For every case that has substantiated Domestic Violence history, there are people who are arrested for Domestic Violence who have no cycle of violence in their history. There is a lot of grey area because someone when speaking to the police says, “we fight all the time” or “it has never been this bad, but we fight bad”. Sometimes, this gets interpreted as there being domestic violence cycle of violence history. This means the prosecution feels there is more evidence to issue charges/harsher punishments (less likely to make reductions).
It is key to get the truth to prosecutors BEFORE they issue charges. Call the Law Offices of Mark Deniz to get started at (858) 751-4384.
CHAPTER 2. Abandonment and Neglect of Children [270 – 273.75]
( Chapter 2 enacted 1872. )
(a) Any person who willfully inflicts corporal injury resulting in a traumatic condition upon a victim described in subdivision (b) is guilty of a felony, and upon conviction thereof shall be punished by imprisonment in the state prison for two, three, or four years, or in a county jail for not more than one year, or by a fine of up to six thousand dollars ($6,000), or by both that fine and imprisonment.
(b) Subdivision (a) shall apply if the victim is or was one or more of the following:
(1) The offender’s spouse or former spouse.
(2) The offender’s cohabitant or former cohabitant.
(3) The offender’s fiancé or fiancée, or someone with whom the offender has, or previously had, an engagement or dating relationship, as defined in paragraph (10) of subdivision (f) of Section 243.
(4) The mother or father of the offender’s child.
(c) Holding oneself out to be the spouse of the person with whom one is cohabiting is not necessary to constitute cohabitation as the term is used in this section.
(d) As used in this section, “traumatic condition” means a condition of the body, such as a wound, or external or internal injury, including, but not limited to, injury as a result of strangulation or suffocation, whether of a minor or serious nature, caused by a physical force. For purposes of this section, “strangulation” and “suffocation” include impeding the normal breathing or circulation of the blood of a person by applying pressure on the throat or neck.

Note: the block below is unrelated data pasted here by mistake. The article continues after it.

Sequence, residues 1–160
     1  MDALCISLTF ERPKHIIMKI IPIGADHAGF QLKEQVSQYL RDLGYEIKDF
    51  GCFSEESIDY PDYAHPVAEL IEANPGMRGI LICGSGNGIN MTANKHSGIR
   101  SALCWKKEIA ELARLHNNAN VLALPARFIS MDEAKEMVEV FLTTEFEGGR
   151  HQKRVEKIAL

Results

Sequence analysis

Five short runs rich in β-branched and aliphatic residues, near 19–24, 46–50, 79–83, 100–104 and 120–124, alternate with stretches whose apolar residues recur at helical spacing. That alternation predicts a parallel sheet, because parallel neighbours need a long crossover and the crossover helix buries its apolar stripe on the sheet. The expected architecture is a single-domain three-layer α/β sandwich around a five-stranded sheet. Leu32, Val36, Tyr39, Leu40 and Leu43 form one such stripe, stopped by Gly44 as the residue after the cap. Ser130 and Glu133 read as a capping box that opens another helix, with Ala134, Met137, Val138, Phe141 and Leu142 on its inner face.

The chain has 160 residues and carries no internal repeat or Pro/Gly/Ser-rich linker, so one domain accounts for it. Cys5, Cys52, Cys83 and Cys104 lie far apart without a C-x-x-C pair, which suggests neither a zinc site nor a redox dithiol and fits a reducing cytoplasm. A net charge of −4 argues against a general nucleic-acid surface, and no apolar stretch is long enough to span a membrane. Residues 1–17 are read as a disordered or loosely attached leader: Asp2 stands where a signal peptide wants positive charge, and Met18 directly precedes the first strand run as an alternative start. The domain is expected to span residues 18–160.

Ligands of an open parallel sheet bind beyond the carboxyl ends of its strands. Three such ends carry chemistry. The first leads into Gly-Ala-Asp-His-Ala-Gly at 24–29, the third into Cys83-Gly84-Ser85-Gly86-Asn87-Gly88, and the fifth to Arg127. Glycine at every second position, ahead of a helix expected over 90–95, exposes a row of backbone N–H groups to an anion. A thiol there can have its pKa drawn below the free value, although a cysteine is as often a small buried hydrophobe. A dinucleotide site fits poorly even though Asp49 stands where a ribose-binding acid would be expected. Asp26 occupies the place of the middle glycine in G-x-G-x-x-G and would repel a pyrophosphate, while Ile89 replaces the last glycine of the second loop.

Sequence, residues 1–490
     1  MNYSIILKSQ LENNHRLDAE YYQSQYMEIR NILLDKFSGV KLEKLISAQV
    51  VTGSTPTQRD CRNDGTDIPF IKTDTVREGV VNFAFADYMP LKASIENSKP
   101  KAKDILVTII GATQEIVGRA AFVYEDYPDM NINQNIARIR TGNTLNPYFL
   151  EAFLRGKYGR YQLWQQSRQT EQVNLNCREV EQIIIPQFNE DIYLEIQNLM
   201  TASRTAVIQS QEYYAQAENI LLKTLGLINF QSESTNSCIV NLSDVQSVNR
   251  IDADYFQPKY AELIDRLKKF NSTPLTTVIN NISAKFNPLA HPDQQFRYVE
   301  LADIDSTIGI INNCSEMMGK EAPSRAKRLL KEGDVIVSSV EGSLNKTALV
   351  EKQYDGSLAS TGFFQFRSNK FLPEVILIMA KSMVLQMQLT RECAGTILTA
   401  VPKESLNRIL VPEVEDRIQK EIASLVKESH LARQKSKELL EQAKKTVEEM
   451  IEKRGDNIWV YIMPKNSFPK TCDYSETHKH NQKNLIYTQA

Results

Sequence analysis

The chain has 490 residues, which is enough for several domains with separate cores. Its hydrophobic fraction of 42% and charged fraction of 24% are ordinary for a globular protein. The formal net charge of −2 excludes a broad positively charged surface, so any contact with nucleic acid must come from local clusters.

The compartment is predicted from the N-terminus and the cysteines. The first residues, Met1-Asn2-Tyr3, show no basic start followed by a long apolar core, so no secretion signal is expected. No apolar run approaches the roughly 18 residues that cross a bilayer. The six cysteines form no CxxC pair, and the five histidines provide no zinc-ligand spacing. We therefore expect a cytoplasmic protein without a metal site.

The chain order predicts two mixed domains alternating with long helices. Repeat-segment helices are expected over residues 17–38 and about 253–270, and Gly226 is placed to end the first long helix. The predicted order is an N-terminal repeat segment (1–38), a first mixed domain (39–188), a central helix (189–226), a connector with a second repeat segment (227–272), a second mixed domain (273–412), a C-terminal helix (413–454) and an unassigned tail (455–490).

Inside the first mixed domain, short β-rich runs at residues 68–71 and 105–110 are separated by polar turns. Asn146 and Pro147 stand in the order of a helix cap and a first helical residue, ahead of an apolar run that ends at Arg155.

(e) For the purpose of this section, a person shall be considered the father or mother of another person’s child if the alleged male parent is presumed the natural father under Sections 7611 and 7612 of the Family Code.
(f) (1) Any person convicted of violating this section for acts occurring within seven years of a previous conviction under subdivision (a), or subdivision (d) of Section 243, or Section 243.4, 244, 244.5, or 245, shall be punished by imprisonment in a county jail for not more than one year, or by imprisonment in the state prison for two, four, or five years, or by both imprisonment and a fine of up to ten thousand dollars ($10,000).
(2) Any person convicted of a violation of this section for acts occurring within seven years of a previous conviction under subdivision (e) of Section 243 shall be punished by imprisonment in the state prison for two, three, or four years, or in a county jail for not more than one year, or by a fine of up to ten thousand dollars ($10,000), or by both that imprisonment and fine.
(g) If probation is granted to any person convicted under subdivision (a), the court shall impose probation consistent with the provisions of Section 1203.097.
(h) If probation is granted, or the execution or imposition of a sentence is suspended, for any defendant convicted under subdivision (a) who has been convicted of any prior offense specified in subdivision (f), the court shall impose one of the following conditions of probation:
(1) If the defendant has suffered one prior conviction within the previous seven years for a violation of any offense specified in subdivision (f), it shall be a condition of probation, in addition to the provisions contained in Section 1203.097, that he or she be imprisoned in a county jail for not less than 15 days.
(2) If the defendant has suffered two or more prior convictions within the previous seven years for a violation of any offense specified in subdivision (f), it shall be a condition of probation, in addition to the provisions contained in Section 1203.097, that he or she be imprisoned in a county jail for not less than 60 days.
(3) The court, upon a showing of good cause, may find that the mandatory imprisonment required by this subdivision shall not be imposed and shall state on the record its reasons for finding good cause.